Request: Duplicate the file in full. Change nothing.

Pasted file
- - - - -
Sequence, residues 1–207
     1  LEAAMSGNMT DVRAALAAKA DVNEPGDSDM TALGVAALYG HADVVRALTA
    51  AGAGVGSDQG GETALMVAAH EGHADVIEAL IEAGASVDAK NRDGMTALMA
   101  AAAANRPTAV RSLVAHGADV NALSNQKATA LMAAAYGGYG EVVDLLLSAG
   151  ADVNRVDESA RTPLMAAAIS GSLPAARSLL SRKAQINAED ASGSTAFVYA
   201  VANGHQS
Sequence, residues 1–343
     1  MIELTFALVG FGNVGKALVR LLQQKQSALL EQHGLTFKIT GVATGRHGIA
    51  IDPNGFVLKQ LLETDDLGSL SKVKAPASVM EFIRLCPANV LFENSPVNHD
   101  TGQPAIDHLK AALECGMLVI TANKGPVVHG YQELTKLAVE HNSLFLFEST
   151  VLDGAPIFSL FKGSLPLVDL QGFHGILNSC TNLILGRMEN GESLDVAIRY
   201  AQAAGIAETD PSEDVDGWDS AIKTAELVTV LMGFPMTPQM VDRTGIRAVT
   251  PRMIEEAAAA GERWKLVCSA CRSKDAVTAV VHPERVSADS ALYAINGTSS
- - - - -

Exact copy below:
Sequence, residues 1–207
     1  LEAAMSGNMT DVRAALAAKA DVNEPGDSDM TALGVAALYG HADVVRALTA
    51  AGAGVGSDQG GETALMVAAH EGHADVIEAL IEAGASVDAK NRDGMTALMA
   101  AAAANRPTAV RSLVAHGADV NALSNQKATA LMAAAYGGYG EVVDLLLSAG
   151  ADVNRVDESA RTPLMAAAIS GSLPAARSLL SRKAQINAED ASGSTAFVYA
   201  VANGHQS
Sequence, residues 1–343
     1  MIELTFALVG FGNVGKALVR LLQQKQSALL EQHGLTFKIT GVATGRHGIA
    51  IDPNGFVLKQ LLETDDLGSL SKVKAPASVM EFIRLCPANV LFENSPVNHD
   101  TGQPAIDHLK AALECGMLVI TANKGPVVHG YQELTKLAVE HNSLFLFEST
   151  VLDGAPIFSL FKGSLPLVDL QGFHGILNSC TNLILGRMEN GESLDVAIRY
   201  AQAAGIAETD PSEDVDGWDS AIKTAELVTV LMGFPMTPQM VDRTGIRAVT
   251  PRMIEEAAAA GERWKLVCSA CRSKDAVTAV VHPERVSADS ALYAINGTSS